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Ringstraße

The Ringstraße or Ringstrass is the ring road of Vienna, but not just a piece of road this is also a part of the heart of the city with many of the most important buildings and sights on it.  Take a trip around the road on a tram or even a horse drawn carriage to experience some of the splendor that is Vienna.

Forming a circle around the city center with Stephanplatz in the centre of a rough circle, and with the Donau-kanal forming one side where the road changes name to Franz-Josephs-Kai, and the Stadpark on another, the road encompasses all you need to know for a quick introduction to the city.

History

Where the road stands today was the location of a 13th century city wall which lasted until Franz Joseph I ordered it demolished in 1857.  A grand boulevard was created in its place in the manner of other great European cities, but as a ring rather than a straight path. This helped to connect all parts of the city and became a showcase of the might and grandeur of the Empire.

The majority of the buildings seen today were built soon after the road itself and include the State Opera, the Fine Arts Academy, Justizplast, Rathaus and of course Votivkirche, the neo-gothic cathedral.

A few more modern buildings such as the 1950s Kärtnerhof, the Ringturm from the same period and the Korso or Korso from the 1990s.

Getting There

The Nashmarkt is only minutes walk away from the Ringstrass, the market itself is outside the ring hence walking towards Stephanplatz is the direction to go. Exit the Naschmarkt at the Karlsplatz end and walk towards the Opera which is the first and closest major building on the part of the ring nearby.

Getting around

Take tram line No. 1 or No. 2 to explore the ring, if you stay on the tram for the whole while it will take about 30 minutes to see all out of the window, but of course it is best to stop and enjoy the various sights. Take the trip at least twice, once in the day time and once at night to see the lights of the buildings as the atmosphere is quite different. Buy a day ticket for the best value, but take care as these trams also go to other parts of the city so ensure you are boarding a tram going in the correct direction.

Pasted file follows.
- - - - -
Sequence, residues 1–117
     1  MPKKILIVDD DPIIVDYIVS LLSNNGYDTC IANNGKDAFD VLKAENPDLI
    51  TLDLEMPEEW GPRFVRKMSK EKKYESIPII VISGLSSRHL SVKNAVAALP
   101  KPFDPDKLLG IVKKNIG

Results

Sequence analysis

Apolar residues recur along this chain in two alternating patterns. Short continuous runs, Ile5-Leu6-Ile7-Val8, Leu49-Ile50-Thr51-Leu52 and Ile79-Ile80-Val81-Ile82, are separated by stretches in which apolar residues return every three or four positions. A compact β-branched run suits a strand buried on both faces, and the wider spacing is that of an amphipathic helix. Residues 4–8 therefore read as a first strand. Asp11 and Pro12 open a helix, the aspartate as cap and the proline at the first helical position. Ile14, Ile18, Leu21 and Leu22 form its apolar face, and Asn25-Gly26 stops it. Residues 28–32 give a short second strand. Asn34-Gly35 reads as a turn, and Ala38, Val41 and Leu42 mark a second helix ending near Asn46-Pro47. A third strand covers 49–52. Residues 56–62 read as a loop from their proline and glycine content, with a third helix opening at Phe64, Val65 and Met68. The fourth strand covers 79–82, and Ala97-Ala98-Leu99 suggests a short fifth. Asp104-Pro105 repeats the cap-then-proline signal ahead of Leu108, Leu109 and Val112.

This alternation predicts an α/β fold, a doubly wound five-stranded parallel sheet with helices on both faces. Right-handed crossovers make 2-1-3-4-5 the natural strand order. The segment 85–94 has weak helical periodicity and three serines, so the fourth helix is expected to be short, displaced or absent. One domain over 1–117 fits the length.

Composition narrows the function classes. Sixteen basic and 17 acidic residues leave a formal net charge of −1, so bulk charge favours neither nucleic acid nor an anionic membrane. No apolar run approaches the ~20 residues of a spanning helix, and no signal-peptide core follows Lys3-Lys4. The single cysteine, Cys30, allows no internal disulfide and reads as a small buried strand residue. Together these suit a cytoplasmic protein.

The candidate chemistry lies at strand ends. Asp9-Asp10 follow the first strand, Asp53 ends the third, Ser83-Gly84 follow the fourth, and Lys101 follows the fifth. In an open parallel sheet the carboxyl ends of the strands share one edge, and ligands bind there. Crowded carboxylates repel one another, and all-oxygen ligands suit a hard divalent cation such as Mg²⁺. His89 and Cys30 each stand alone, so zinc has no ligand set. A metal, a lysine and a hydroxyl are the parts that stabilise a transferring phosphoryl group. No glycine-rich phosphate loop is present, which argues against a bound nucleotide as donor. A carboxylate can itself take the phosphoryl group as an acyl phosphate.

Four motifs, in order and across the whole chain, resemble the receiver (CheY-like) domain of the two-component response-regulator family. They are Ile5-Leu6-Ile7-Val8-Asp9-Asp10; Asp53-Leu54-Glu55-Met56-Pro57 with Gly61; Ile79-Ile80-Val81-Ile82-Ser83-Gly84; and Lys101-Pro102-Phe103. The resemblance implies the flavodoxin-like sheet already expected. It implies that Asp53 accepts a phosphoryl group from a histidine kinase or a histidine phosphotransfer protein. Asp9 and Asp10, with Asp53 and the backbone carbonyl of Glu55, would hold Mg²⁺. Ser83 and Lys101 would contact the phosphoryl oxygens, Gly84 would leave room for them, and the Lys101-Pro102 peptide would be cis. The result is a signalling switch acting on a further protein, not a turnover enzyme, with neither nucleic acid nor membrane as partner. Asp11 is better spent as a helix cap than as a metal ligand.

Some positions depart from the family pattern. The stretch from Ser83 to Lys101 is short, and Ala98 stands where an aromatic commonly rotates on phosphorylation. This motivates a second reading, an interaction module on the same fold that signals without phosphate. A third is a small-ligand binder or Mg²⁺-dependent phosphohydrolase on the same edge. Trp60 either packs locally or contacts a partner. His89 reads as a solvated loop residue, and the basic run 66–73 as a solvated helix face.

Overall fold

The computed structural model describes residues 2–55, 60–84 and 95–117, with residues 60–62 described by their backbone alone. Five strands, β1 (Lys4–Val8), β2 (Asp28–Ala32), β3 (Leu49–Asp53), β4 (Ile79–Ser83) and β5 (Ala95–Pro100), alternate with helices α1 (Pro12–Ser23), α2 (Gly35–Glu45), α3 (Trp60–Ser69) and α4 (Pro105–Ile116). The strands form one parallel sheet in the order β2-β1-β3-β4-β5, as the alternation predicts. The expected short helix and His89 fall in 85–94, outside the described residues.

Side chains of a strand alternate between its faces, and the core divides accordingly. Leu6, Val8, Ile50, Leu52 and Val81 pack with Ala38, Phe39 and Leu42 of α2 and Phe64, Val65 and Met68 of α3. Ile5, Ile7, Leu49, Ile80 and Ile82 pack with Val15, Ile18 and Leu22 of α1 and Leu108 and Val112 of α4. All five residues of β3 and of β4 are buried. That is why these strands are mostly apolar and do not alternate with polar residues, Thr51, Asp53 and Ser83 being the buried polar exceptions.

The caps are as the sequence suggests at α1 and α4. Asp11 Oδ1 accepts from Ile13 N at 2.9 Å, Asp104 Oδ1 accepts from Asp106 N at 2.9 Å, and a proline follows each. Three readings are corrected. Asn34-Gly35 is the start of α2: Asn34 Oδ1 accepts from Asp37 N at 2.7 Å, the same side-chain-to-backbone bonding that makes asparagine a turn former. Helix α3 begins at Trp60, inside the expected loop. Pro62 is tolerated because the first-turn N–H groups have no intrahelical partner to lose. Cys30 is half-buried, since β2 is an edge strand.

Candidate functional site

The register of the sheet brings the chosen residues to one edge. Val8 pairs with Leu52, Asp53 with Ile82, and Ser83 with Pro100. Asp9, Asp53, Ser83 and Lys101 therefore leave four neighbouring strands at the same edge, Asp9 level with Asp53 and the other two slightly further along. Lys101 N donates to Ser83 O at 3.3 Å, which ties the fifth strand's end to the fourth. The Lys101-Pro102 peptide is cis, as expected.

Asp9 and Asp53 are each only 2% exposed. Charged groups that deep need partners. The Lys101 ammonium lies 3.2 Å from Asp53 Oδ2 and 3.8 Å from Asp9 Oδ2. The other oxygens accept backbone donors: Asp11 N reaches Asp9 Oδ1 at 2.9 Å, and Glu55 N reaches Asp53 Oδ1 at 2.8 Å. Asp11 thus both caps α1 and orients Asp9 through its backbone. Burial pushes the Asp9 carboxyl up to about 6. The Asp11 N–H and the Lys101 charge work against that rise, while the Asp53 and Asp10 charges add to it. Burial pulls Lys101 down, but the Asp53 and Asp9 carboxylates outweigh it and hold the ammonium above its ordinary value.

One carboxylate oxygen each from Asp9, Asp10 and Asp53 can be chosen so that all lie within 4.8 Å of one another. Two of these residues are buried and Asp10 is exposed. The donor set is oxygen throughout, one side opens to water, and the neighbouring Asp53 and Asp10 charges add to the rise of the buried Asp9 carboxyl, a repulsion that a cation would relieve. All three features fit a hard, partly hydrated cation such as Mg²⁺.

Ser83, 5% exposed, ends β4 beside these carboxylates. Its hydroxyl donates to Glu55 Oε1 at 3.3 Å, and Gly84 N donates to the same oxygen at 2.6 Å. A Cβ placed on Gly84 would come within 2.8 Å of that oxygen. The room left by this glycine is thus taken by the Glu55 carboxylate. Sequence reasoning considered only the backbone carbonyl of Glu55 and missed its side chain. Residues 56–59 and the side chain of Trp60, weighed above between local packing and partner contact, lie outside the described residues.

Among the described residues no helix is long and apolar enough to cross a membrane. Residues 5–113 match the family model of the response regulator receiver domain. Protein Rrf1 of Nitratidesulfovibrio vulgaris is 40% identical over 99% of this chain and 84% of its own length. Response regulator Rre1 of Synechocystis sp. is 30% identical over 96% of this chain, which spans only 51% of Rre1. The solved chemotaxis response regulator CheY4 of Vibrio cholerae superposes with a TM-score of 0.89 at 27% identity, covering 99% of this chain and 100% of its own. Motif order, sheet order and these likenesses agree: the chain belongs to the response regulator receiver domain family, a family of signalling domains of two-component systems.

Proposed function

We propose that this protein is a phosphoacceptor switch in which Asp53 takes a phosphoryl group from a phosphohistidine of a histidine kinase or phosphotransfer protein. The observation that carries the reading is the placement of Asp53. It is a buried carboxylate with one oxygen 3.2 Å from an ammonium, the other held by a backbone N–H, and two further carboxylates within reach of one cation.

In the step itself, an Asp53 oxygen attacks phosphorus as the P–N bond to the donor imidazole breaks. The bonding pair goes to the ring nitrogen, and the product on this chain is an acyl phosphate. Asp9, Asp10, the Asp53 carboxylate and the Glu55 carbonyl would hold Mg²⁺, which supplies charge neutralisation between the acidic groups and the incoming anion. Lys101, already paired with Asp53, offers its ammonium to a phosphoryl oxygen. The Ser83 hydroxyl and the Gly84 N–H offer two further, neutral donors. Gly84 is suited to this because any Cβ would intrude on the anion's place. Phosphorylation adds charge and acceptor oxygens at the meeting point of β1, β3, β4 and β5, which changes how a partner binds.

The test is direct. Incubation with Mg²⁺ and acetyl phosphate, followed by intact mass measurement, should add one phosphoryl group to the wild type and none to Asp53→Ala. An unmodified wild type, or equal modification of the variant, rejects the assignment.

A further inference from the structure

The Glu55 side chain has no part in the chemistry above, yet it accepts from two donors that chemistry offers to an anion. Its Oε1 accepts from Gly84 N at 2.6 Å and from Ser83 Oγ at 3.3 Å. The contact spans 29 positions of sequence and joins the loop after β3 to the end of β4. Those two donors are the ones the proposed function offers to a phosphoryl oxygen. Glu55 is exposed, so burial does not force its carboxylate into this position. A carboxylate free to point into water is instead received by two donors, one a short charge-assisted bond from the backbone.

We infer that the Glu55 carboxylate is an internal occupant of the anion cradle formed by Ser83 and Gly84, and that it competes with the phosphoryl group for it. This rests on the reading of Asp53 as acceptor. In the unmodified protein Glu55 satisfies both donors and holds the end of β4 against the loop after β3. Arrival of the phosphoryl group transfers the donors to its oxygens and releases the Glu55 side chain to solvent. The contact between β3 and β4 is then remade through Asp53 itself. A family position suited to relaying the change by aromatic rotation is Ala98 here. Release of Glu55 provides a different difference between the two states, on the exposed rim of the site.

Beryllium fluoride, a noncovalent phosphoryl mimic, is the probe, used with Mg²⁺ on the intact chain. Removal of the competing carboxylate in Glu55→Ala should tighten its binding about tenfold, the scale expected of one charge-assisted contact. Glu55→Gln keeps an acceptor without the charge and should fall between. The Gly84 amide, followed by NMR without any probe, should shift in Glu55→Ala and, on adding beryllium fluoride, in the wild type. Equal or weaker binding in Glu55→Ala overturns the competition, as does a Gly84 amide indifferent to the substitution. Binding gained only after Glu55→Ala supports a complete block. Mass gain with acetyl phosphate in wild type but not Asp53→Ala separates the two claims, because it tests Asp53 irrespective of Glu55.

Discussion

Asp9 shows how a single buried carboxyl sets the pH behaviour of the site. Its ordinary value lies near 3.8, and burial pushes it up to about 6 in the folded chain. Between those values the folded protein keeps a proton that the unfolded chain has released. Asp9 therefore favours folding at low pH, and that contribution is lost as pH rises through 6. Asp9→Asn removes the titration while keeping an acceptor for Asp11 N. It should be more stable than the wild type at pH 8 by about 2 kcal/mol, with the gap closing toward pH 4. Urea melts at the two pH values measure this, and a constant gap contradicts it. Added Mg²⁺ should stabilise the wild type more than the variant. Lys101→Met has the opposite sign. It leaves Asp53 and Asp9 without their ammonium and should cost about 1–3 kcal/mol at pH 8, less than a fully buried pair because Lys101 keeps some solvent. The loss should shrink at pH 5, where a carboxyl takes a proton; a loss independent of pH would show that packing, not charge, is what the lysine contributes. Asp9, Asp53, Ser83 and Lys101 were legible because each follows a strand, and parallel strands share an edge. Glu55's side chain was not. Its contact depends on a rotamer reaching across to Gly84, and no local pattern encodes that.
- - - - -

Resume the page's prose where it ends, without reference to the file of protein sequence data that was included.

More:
Of course the absolute best time to see it is during November when the Christmas decorations and fairs make the whole city light up like a tree ornaments. But also in the summer the smell of the flowers in the many parks and the green of the trees makes it one of the greenest and most comfortable city centers in all the world.

For a trip with commentary try one of the HopOnOff tour bus available anywhere along the route. Starting at the State Opera the Red line bus goes around the ring 24 hours a day and costs only 14 Euros per adult, half price for children, and includes commentary in many different languages from English to Chinese.

Or hire a bike and see the city like a local! Much of the route includes cycle paths and even where not the roads are very bike friendly as using bicycles for transport is very common in the city.

 

Major Sights

Hofburg, the former Imperial Palace, City Hall or Rathaus , the Parliament or Hohes Haus and of course the National Museum along with shops of all types.

 

 

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